When the CEO of the 3CX, a global online communications company, first saw an antivirus alert last week flagging a potential problem in software associated with one of the company’s apps that lets users make calls over the internet, he didn’t give it much attention. Because of the volume of similar warnings, Nick Galea said the company didn’t react immediately.
All that changed Wednesday when researchers at the cybersecurity firm CrowdStrike reported that the problem could have given hackers linked to North Korea a gateway into thousands of companies around the world.
“Because of the way VOIP apps work, it wouldn’t be the first time [we got flagged]. It happens quite frequently — so I have to be honest we didn’t take it that seriously,” Galea told CyberScoop in an interview Thursday. “We did upload it to a site called VirusTotal to check … and none of the anti-virus engines flagged us of having a virus, so we just left it at that.”
It’s not yet clear which customers or how many individuals may be impacted by the attack, but 3CX has millions of customers worldwide with and provides products to giant companies like Toyota, Chevron and Pepsi. Researchers at Crowdstrike tied the attack to the notorious North Korean Lazarus Group hacking syndicate.
At this point, Galea said 3CX isn’t sure just how widespread the attack is but it’s likely that hundreds of thousands have downloaded the infected update. In hindsight, he said the company should have acted sooner to respond to the incident, but said that they didn’t fully understand the severity of the situation until they received more information from Crowdstrike.
“Then we gave it much more, let’s say importance, which we should have done before we fully understand now. It’s just we didn’t understand before the severity of it,” Galea said. “We have a security team, we do our own pentesting, we’ve got software scanners, we got a CSO of course,” he said. “Nonetheless, they outsmarted us.”
He said the 3CX has hired the cybersecurity firm Mandiant to respond to the incident. Mandiant confirmed that they are working with 3CX, but did not have any additional details.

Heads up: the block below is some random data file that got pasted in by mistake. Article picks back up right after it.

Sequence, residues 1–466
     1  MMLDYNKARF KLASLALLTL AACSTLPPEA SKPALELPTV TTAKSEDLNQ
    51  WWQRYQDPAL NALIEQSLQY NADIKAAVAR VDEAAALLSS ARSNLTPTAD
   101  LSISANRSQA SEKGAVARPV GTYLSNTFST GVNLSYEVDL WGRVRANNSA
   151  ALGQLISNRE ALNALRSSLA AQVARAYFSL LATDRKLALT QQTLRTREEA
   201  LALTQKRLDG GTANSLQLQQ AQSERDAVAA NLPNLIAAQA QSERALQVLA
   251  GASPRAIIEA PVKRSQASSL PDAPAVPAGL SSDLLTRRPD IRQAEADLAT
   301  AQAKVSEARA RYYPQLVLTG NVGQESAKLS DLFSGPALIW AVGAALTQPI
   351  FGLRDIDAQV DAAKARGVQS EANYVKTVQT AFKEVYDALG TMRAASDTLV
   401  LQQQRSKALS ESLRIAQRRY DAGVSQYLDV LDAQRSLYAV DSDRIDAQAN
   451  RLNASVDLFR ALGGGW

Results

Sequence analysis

Galea said the company is still learning about the incident themselves and Galea was hesitant to share information that could be inaccurate or change. “It’s pretty serious. We apologize to all of our customers and partners. We’re trying to do the best we can but I do think we’re getting to the bottom of it and I feel confident that with Mandiant we can get through this.”
On Thursday, multiple threat intelligence teams published their own analyses of the malware and what may have happened. Volexity, a cybersecurity services firm based in Virginia, wrote in a blog that its analysis showed that both the Windows and macOS installers for 3CX’s desktop application had malicious code inserted into them before being provided to customers, suggesting that “3CX was itself compromised by the threat actor for a period of time prior to the infection, allowing the attacker to develop an understanding, access, and malicious code for the development-update process of the company.”
Galea said the company didn’t know whether the hackers compromised their own systems but acknowledged it was possible. He said that the hackers injected the malicious code into one of the dependencies in the electron app. Additionally, he said, 3CX scans their code for malicious files before uploading anything but did not find anything.
“Supply chain attacks are relatively rare due to the high level of technical and operational capability required for success,” Volexity’s researchers wrote. “However, organizations with a large customer base, such as 3CX, are attractive targets due to the broad level of access these attacks can grant threat actors.”
Patrick Wardle, the founder of the Objective-See Foundation and expert in macOS malware, took to Twitter to walk through an initial analysis of the macOS installer and published a subsequent blog focused solely on the macOS aspects. The installer was validly signed by the 3CX developer, he noted, but also notarized by Apple, which means that “Apple checked it for malware ‘and none was detected’ … yikes,” Wardle wrote.
Analysis showed the installer would lead a user to the same domain used by the Windows installer, which is no longer functional. The code showed that the macOS malware did expect a second-stage payload, Wardle wrote, but since he didn’t have access to that part of the malware, “what it does is a mystery.”
Galea said that the MacOS version only has a couple of thousands of users, adding that the company removed the malicious code and issued an update in the hopes of preventing further damage. “It’s been a pretty awful day I have to say,” Galea said.